Mizora: A World of Women
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Mizora: A World of Women

2.76 of 5 stars 2.76  ·  rating details  ·  46 ratings  ·  8 reviews
What would happen to our culture if men ceased to exist? Mary E. Bradley Lane explores this question in Mizora, the first known feminist utopian novel written by a woman.Vera Zarovitch is a Russian noblewoman—heroic, outspoken, and determined. A political exile in Siberia, she escapes and flees north, eventually finding herself, adrift and exhausted, on a strange sea at th...more
Paperback, 143 pages
Published October 1st 1999 by Bison Books (first published 1889)
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Robert Wood
Unlike a lot of the readers of this text, I found the book to be enjoyable, but I like the kind of didacticism that is exhibited in the text. It's interesting to compare and contrast this text with the later and more well known Herland, written in 1916. If Herland places pedagogy at the center of the narrative, with a muted emphasis on Eugenics, Mizora reverses this emphasis, heavily emphasizing racial purity, which is directly linked to scientific progress. An interesting read, and certainly ha...more
Wolverina
An interesting utopia of vegan,scientist feminist ladies win a world without men. The protagonist has an interesting backstory skimmed over at the start to.

And then it destroys itself with its creepy racist and ableist eugenics as a way to create a utopia.

This does seem to be a thing in books of this age though, especially Utopias. Social Darwinism has a lot to answer for.

Really enjoyed it as a thought experiment when it wasn't making me rage with anger, goddamnit is there any interesting suf...more
D.M. Dutcher (Sword Cross Rocket)
It's dull, but surprisingly anticipates the mindset of the modern world.

A Russian noblewoman flees prison to get marooned with Eskimoes. One day she paddles out and falls into the hollow earth to meet a race of perfect blonde women. Describing their society makes up the book.

The one striking point is that the utopia in spirit is ironically close to our current world or future ideas of it. They have a post-scarcity knowledge economy that makes universal education a prime goal. They believe that i...more
B. Zedan
Jul 23, 2008 B. Zedan rated it 2 of 5 stars  ·  review of another edition
Recommends it for: Folks who'd like a feminist angle on the hollow-earth bit
So, hm. Kinda more enjoyable than that other hollow-earth book The Coming Race, the two of which I think would work nicely together in a great contrast essay. The idealised utopian folks still practice the arts, to the point of crazy ability (they have flexible glass and all sorts of neat shit). There exists a lovely balance and interaction between science and art. I gotta wonder if the author and narrator's gender has anything to do with that. Bonus! The utopia is populated only by ladies.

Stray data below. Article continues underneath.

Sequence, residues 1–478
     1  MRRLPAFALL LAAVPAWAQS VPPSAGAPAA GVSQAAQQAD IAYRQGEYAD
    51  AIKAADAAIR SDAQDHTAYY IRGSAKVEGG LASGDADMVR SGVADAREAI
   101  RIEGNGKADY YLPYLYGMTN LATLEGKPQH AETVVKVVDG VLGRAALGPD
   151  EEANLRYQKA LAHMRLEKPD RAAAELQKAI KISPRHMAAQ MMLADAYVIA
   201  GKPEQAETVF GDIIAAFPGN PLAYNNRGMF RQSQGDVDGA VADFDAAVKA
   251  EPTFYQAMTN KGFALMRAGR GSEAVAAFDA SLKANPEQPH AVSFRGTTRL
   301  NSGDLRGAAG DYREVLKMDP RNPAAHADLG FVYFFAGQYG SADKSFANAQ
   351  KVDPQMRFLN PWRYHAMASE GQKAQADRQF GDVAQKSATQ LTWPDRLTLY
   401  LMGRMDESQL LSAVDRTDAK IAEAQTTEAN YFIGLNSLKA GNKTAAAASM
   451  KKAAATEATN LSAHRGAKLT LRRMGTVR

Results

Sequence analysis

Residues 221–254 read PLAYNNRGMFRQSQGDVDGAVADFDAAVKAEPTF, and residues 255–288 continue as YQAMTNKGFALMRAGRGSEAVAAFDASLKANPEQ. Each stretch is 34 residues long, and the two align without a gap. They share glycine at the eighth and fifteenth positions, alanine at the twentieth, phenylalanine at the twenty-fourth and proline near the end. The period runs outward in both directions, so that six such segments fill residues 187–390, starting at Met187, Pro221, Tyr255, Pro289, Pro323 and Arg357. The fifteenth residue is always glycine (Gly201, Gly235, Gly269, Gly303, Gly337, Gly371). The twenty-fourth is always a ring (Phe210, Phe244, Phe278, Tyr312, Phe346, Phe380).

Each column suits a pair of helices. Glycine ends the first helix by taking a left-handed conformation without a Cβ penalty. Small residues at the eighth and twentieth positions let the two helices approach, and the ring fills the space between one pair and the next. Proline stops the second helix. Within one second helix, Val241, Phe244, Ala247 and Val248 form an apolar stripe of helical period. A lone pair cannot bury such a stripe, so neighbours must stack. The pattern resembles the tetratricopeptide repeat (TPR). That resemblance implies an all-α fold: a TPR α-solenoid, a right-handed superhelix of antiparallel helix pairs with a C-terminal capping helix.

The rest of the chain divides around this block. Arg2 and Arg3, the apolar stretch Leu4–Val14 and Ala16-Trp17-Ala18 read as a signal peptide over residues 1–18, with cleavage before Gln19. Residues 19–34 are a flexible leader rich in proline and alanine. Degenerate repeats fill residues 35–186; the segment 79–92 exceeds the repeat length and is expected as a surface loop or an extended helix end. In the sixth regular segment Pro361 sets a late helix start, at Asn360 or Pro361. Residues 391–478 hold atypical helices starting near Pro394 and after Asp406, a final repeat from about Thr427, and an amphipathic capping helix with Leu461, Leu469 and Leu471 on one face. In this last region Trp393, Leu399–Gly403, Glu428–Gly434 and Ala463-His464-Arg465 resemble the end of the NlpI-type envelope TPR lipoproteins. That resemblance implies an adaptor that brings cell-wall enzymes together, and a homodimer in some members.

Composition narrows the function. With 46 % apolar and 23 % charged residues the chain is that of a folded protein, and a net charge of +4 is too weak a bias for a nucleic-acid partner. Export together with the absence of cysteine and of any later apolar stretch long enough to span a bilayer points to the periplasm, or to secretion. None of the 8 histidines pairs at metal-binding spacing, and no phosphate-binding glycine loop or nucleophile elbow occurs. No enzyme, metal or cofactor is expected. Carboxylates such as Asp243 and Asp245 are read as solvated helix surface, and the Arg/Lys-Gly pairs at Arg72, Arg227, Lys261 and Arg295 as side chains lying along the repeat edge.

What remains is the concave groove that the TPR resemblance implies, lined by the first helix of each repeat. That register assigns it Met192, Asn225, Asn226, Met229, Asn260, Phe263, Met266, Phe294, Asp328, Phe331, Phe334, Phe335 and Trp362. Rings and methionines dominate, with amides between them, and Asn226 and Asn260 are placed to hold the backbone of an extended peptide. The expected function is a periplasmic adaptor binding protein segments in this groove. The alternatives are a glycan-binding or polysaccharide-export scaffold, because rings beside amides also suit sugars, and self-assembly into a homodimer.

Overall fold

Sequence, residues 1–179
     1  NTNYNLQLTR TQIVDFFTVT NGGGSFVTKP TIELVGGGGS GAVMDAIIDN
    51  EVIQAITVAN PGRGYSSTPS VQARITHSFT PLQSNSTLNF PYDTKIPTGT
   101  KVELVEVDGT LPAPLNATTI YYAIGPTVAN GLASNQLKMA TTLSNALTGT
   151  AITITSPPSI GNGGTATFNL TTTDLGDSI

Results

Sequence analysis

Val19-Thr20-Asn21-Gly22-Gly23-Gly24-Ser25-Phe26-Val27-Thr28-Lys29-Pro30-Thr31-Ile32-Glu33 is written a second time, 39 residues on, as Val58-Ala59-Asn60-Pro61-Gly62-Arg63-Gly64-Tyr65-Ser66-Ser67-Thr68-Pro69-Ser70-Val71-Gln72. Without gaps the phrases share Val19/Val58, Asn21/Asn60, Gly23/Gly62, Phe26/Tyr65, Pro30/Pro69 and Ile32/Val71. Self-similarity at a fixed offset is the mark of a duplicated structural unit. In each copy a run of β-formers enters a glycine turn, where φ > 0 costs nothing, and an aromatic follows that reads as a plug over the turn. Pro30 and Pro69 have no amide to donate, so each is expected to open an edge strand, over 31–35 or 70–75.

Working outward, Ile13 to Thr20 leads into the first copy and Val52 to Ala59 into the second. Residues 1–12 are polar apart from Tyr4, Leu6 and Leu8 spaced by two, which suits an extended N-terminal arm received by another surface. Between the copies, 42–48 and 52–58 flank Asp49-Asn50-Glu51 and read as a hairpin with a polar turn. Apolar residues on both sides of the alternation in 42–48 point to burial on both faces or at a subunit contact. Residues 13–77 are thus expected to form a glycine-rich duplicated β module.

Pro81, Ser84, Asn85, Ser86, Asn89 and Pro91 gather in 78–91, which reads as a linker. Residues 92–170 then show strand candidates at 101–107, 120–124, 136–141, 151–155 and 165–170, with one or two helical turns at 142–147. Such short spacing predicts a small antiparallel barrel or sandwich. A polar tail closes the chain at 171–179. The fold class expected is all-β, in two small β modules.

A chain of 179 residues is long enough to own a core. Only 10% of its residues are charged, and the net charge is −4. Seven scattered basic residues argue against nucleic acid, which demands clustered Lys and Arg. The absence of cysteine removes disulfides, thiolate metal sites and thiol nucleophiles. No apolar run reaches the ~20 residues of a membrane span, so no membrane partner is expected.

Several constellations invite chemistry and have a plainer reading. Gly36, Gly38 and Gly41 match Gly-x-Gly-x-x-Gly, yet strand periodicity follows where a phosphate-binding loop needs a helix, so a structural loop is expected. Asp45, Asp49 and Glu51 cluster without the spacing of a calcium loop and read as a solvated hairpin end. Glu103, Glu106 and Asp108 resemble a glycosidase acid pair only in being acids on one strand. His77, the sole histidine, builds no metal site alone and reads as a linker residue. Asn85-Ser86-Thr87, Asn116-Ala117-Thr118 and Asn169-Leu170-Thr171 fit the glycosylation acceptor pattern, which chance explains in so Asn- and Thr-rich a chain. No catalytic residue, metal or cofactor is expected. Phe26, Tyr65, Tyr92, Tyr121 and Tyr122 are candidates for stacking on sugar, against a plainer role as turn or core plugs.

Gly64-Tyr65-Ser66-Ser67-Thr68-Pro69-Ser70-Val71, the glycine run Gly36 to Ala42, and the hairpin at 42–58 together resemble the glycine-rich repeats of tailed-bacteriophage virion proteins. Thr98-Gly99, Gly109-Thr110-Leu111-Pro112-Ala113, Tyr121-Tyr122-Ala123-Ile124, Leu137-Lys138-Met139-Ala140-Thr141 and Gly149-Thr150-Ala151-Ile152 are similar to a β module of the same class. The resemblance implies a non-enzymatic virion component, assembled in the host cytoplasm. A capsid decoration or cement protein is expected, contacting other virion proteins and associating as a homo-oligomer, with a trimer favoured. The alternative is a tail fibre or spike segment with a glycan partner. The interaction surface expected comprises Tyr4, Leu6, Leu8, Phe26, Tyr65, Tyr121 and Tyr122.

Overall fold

And t...more
Lynette
Yay for women, we can do anything, and the all-female country of Mizora proves it. Some progressive for the time ideas on universal free education, economics, etc, so it gets good points for all that. However, the Mizorans are basically Nazis who successfully rid their country of all dark-haired and dark-complexioned people, men, and used eugenics to filter out anyone who doesn't fit their narrow (blonde, athletic) concept. So minus a few hundred points there
Amy
Painfully boring. No plot or characterization. Some mildly interesting ideas for a Utopia, but none developed thoroughly enough to make it worth pursuing. The undertones of racism and eugenics make the premise of peace and excellence via universal education look like a hypocritical farce. Not even interesting as a footnote to feminist literature or history.
Slinkyboy
Mostly feminist utopian claptrap, and pretty dry feminist utopian claptrap at that, but with a few interesting bits.

I liked that anyone wishing to fill a public office was required to pass an examination and get certified to serve.

Also cool how she predicted my Roomba 130 years ago.
Cindy
To read along with Herland.

Part of the "hollow Earth" class of literature. (wait, what?) Interesting Wikipedia article as well: http://en.wikipedia.org/wiki/Mizora
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